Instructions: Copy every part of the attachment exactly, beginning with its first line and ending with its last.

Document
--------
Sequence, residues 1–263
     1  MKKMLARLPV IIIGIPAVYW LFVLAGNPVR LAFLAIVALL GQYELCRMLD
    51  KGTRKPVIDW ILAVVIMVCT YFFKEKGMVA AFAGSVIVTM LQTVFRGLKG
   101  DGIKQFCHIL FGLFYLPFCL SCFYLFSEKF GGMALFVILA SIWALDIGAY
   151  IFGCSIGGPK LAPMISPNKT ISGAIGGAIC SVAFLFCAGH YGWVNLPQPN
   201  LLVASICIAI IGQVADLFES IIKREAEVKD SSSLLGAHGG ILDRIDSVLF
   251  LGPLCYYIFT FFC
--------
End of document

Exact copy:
Sequence, residues 1–263
     1  MKKMLARLPV IIIGIPAVYW LFVLAGNPVR LAFLAIVALL GQYELCRMLD
    51  KGTRKPVIDW ILAVVIMVCT YFFKEKGMVA AFAGSVIVTM LQTVFRGLKG
   101  DGIKQFCHIL FGLFYLPFCL SCFYLFSEKF GGMALFVILA SIWALDIGAY
   151  IFGCSIGGPK LAPMISPNKT ISGAIGGAIC SVAFLFCAGH YGWVNLPQPN
   201  LLVASICIAI IGQVADLFES IIKREAEVKD SSSLLGAHGG ILDRIDSVLF
   251  LGPLCYYIFT FFC